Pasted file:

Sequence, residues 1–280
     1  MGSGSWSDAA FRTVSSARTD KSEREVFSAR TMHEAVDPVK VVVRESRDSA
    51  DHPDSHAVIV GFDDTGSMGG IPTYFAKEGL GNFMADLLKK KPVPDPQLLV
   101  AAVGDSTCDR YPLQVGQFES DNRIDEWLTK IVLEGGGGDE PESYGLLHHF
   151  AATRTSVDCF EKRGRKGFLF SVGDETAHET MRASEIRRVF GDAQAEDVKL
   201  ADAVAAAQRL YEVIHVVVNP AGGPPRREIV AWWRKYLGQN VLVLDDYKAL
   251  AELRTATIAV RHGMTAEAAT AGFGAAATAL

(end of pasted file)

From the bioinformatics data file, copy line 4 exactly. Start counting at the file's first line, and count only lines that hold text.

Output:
   101  AAVGDSTCDR YPLQVGQFES DNRIDEWLTK IVLEGGGGDE PESYGLLHHF